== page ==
Women and Education in Sub-Saharan Africa: Power, Opportunities, and Constraints

Women and Education in Sub-Saharan Africa: Power, Opportunities, and Constraints

Women and Education in Sub-Saharan Africa: Power, Opportunities, and Constraints

Women and Education in Sub-Saharan Africa: Power, Opportunities, and Constraints

Synopsis

This volume focuses on gender and education in sub-Saharan Africa, considering in particular the impact formal and non-formal education have had on African women. A variety of country studies illustrate theoretical debates and the authors provide historical and cultural context.

Excerpt

This volume highlights stories about girls'/boys', women's/men's education in sub-Saharan Africa.While it emphasizes girls' and women's multiple experiences and identities over boys' and men's, the gendered relations are crucial to our understanding and interpretation throughout the book. We look within a variety of countries and historical and cultural traditions to underline the importance of local, culturally contextualized, historicized understandings. At the same time, we look at cross-country statistics to emphasize the importance of thinking globally and cross-nationally.

Within the context of sub-Saharan Africa, a volume that looks at education must examine the strengths and varieties of children's and adults' educational experiences both in and out of school settings. Women's health and nutrition training programs, adult literacy programs, and agricultural education and training are all important components of education within the African context. Similarly, apprenticeships within the home, community settings, religious schooling, and in-community rites that involve initiation ceremonies for adulthood all involve forms of education and training for a gendered division of labor and experience. Thus, education within the context of formal Western public or private schooling, while critical to the exploration of issues in this volume, is only one form of education that needs to be considered. The chapters in the book—on theories and policy of informal, nonformal, and formal education—all illustrate the terrain of important debates, the need for research and policy, and our call for more intensive discussion and action in the future.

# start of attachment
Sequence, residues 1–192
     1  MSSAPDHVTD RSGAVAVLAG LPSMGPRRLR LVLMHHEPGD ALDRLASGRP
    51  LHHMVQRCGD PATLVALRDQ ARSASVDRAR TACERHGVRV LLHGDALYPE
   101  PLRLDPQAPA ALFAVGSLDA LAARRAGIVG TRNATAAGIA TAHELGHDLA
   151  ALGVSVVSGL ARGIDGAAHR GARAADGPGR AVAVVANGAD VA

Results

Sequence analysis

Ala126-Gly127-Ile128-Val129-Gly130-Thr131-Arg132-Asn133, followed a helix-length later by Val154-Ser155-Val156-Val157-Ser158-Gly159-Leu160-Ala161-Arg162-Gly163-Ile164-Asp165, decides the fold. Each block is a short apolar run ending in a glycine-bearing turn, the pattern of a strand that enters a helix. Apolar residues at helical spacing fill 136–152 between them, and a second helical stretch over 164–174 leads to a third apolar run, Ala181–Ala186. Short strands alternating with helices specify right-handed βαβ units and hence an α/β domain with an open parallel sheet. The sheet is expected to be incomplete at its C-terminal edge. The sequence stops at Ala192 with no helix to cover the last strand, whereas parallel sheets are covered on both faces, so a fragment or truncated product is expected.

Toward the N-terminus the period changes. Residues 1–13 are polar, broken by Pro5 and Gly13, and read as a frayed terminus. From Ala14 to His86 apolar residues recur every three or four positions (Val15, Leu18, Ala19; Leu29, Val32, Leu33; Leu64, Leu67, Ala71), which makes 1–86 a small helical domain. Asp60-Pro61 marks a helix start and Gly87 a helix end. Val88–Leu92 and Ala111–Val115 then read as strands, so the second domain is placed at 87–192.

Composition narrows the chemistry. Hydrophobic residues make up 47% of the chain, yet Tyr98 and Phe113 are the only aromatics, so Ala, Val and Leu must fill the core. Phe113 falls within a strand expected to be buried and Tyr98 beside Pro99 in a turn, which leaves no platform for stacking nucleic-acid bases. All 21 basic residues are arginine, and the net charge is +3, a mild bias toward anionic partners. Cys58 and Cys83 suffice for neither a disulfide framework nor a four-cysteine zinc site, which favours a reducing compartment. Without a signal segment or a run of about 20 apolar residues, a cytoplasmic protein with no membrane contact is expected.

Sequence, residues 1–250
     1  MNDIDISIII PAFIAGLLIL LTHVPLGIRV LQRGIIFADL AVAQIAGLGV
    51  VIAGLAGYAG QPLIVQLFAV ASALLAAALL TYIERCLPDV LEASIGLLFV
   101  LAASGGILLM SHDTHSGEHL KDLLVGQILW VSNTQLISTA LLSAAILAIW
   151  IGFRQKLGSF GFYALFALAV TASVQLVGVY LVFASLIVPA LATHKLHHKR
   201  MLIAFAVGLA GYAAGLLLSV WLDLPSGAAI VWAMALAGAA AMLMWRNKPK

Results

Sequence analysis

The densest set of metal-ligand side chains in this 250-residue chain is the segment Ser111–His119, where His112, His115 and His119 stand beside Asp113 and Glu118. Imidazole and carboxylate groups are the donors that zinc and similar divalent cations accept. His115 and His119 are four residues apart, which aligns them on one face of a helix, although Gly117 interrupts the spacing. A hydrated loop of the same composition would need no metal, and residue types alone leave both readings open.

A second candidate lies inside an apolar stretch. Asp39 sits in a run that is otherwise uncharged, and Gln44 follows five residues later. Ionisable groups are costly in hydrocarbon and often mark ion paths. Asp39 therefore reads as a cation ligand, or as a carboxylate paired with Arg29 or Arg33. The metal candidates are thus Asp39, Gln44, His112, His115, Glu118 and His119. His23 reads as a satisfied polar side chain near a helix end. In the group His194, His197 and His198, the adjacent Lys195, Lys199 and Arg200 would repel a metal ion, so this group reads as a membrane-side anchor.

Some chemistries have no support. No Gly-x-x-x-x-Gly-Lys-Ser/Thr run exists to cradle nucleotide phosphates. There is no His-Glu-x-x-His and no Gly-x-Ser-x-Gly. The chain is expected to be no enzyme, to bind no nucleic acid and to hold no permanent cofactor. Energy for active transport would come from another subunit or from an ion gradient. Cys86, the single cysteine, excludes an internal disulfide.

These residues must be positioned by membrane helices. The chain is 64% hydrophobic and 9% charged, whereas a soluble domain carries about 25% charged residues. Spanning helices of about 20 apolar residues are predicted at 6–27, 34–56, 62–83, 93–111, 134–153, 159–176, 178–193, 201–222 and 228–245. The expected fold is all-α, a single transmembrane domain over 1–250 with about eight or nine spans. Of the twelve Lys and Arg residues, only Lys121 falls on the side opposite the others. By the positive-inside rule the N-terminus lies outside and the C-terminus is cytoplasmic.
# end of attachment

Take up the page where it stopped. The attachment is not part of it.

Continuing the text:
How are educational opportunities for children and adults in sub‐ Saharan Africa framed? To what extent do feminist theories that look for equitable policies of school access and outcomes for children omit discussion of patriarchal ideologies and oppression implicit in international as well as national policy? Similarly, to what extent do well-intentioned indictments of oppression create an image of women's helplessness and despair by omitting the achievements of women's assertiveness and accom-

Search by... Author
Show... All Results Primary Sources Peer-reviewed

Oops!

An unknown error has occurred. Please click the button below to reload the page. If the problem persists, please try again in a little while.